The Road Ahead for the Russian Opposition
On March 5, the day after Vladimir Putin won a new term in the Russian presidential election, around 20,000 members of the country’s broad-based opposition movement gathered in Moscow’s Pushkin Square to protest what organizers deemed an unfair and illegitimate vote that was marred by electoral fraud. The demonstration ended with nearly 250 arrests in Moscow alone, as a number of the protesters refused to leave the park in an act of civil disobedience.
The movement sought to keep its postelection momentum alive by quickly scheduling another large-scale protest for March 10 on Noviy Arbat, one of Moscow’s major thoroughfares. While up to 50,000 people were expected to participate, a mere 10,000 ultimately attended. The turnout was part of a steady decline in the opposition’s ability to draw supporters into the streets. According to protest leaders, more than 100,000 people had joined the initial rallies following the controversial parliamentary elections of December 4, 2011, which amounted to the largest antigovernment protests since the fall of the Soviet Union in 1991. With a dwindling number of active protesters, does the movement have enough life left to make a real difference in Russian politics?
A primary concern for the Russian opposition is its ability to affect decision-making in an authoritarian country. As fatigue sets in among demonstrators, the next logical step for the movement would be to declare a real leader (or leaders) and establish a political party or electoral bloc. However, the opposition faces two obstacles in this regard: the restrictions imposed by the current electoral code and the threat of internal divisions in a movement consisting of varied personalities and ideological inclinations.
At present, political parties are banned from forming loose electoral coalitions, meaning the opposition must establish a single party to have any real impact at the polls. This is a serious hurdle, as the movement includes leftists, nationalists, and liberals associated with a number of existing parties and organizations. There is also some distance between the political sentiments of the more radical leaders, such as Alexey Navalny and Sergei Udaltsov, and those of the average, middle-class, urbanite protesters. Given such rifts and the slow pace of discussion on electoral reform, the opposition may be justified in laying their faith in the power of street demonstrations.
Another concern for the movement is its effectiveness beyond Moscow, in the vast hinterlands of the world’s largest country. However, there are a number of reasons to hope that the opposition could find both support and advantage outside Russia’s primary urban centers. To begin with, protests have been taking place in smaller cities and towns for the past several years, though in much smaller numbers than in Moscow. Long before cities such as Samara and Yekaterinburg experienced significant demonstrations in conjunction with the current election-related movement, the Strategy 31 campaign—which mounted protests on the last day of every 31-day month to assert Russians’ right to freedom of assembly under Article 31 of the constitution—had proven that the spirit of civic mobilization was already present in places like Yaroslavl and Perm. There have also been instances of small protests in some of Russia’s economically vulnerable single-industry towns, or monogorody. One protest in Pikalyovo, not far from St. Petersburg, prompted a visit by Putin himself, who promised to bring infrastructural development to the town of 22,000 people.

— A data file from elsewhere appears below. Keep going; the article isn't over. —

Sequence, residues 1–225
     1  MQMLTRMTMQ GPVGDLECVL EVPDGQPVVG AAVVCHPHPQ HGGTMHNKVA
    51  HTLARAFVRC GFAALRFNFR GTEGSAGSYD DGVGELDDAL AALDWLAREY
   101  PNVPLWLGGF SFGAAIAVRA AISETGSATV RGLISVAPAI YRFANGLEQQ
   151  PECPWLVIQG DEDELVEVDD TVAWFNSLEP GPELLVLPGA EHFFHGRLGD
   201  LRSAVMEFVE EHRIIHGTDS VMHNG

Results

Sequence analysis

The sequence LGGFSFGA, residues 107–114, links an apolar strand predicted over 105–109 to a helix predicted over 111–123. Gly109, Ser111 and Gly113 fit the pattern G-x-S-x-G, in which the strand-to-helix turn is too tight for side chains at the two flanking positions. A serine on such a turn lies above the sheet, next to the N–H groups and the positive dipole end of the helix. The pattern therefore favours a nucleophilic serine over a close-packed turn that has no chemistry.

And while Putin claimed victory in the presidential contest on March 4, a number of independent municipal candidates won in concurrent local elections in the city of Moscow. It is possible that local elections in other regions of Russia could similarly provide political access for opposition figures who lack major party affiliations. Capitalizing on the dissatisfaction of citizens in these smaller cities and towns, and benefiting from the less restrictive atmosphere of local elections, the movement may have a chance to garner grassroots support and work within municipalities to implement and influence reform.
Whatever strategy the opposition movement adopts, Putin is clearly facing a major shift in the political mood of the country, and the emergence of a new type of citizen that is no longer satisfied with his pledges of social and economic stability. Not only will middle-class residents of the cities continue to demand real moves toward free and fair electoral processes, but Russians in the periphery—affected by increases in utility prices, cuts in social spending, and pension crises—will begin to demand change as well. Freedom House findings show an overall decline in Russia’s governance scores under Putin, including poor performances in the categories of media freedom, electoral process, and corruption. Inexorably, the modest but illusory goal of “stability” is being replaced with a desire for better governance and accountability that will put unprecedented pressure on Russia’s new-old leader.
* Katherine Brooks is a master’s candidate at Columbia University focusing on Russian, Eurasian, and East European studies. She is presently assisting Freedom House staff with the forthcoming report Nations in Transit 2012.